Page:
In Canada, taking advantage of every temperate day is what we do. Above zero? It's picnic time, and it doesn't stop until the numbers turn into minus again. But organizing the eats when preschoolers and babies are involved can feel overwhelming, especially when you aren't into prepackaged foods, paper plates, and your three-year-old refuses to try a sandwich. Well it just so happened that my friend, Jeanna and I met up for a picnic with our kids and it went SO well, I made a few mental notes for next time because I want a repeat! Here's what I packed...
...all in this insulated cooler bag:
- a large, patterned tablecloth (patterned because if anything stains, it's less noticeable; and a tablecloth rather than a terry towel because grass and bark bits shake right off)
- cloth napkins
- a couple bamboo charcuterie-style platters, in lieu of plates
- Tupperware containers of chopped veggies, fruits, edamame, and pepitas
- water bottles with ice, which also acted as my ice packs (do juice if you prefer)
- hardboiled eggs
- brie cheese in a container and a baguette in brown paper to be recycled later
- a cheese knife, the only piece of cutlery I needed, though you could pack appetizer picks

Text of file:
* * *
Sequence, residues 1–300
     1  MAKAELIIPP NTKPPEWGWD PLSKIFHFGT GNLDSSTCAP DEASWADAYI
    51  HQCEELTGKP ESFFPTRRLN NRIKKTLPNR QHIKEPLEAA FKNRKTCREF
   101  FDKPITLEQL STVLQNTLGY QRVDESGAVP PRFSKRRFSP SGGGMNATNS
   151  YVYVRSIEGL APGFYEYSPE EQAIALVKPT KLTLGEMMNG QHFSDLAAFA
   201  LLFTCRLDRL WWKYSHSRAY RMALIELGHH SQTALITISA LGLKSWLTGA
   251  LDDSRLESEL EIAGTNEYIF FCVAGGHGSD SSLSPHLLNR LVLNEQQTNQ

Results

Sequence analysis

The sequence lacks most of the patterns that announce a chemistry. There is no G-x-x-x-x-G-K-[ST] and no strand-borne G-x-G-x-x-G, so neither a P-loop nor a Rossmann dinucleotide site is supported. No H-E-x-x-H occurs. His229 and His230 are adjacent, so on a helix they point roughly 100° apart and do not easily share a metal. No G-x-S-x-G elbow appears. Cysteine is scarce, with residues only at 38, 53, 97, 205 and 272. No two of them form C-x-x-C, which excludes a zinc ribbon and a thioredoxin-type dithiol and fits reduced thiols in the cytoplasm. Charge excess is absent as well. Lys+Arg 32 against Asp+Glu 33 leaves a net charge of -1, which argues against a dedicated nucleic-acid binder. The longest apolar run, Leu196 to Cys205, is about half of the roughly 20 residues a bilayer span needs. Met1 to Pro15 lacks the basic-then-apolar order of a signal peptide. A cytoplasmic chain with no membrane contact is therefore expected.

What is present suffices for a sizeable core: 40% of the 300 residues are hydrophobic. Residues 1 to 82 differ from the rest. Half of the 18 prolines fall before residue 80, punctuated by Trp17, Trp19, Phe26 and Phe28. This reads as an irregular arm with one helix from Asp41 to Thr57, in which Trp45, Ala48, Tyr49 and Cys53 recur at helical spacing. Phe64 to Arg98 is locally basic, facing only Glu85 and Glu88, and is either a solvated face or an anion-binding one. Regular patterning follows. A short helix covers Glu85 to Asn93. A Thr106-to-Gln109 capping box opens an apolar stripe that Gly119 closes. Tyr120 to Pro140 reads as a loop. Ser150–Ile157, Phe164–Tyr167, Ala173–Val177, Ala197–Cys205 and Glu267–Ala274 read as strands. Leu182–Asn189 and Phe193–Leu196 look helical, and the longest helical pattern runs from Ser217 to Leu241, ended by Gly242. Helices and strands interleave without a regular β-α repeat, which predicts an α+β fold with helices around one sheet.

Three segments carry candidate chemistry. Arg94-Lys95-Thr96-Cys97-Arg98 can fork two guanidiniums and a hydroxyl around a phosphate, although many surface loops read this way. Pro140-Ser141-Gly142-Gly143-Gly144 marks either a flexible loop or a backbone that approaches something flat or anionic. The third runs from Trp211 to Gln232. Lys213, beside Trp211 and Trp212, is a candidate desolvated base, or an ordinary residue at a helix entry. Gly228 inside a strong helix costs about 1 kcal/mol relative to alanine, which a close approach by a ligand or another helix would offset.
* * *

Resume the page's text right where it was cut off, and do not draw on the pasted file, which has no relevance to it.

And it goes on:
- a washable, reusable bag into which I could toss the boards and napkins afterward
- one Tupperware container to act as the compost bin for rinds etc.
I did not pack:
- trash bags. DON'T NEED EM when you're opting for reusable.
- wet wipes. Pour some water on a cloth napkin and bam, you've got one.
You might want to pack:
- a bluetooth speaker
- a portable feeding chair if your baby is grabby
I probably didn't need an insulated bag for this little park jaunt but it will serve me well at the beach. Jeanna's sturdy rattan bag was perfect for the day and really says picnic season.
When you're keeping track of little ones or helping a baby along, prepping everything to be ready-to-eat is key.
Here's Paris, surveying what he might like to start with. You might wonder, what's with the boards? I don't love them *just* because merchandising the healthy stuff makes it more appealing-- it also keeps tiny fingers from digging in a dish to find their favourite veggie. And, eating straight from the board mean the kids eat what they take rather than piling their plates with food destined to spill or end up in the compost.
The hardboiled eggs got a little cushioning from a produce bag-- might as well try to avoid cracks in case they don't all get eaten. (Which they didn't.)
One more thing to pack: dessert. Jeanna made haystacks which you're seeing be demolished here.
A Successful picnic! Thanks to Jeanna and the kids for the fun.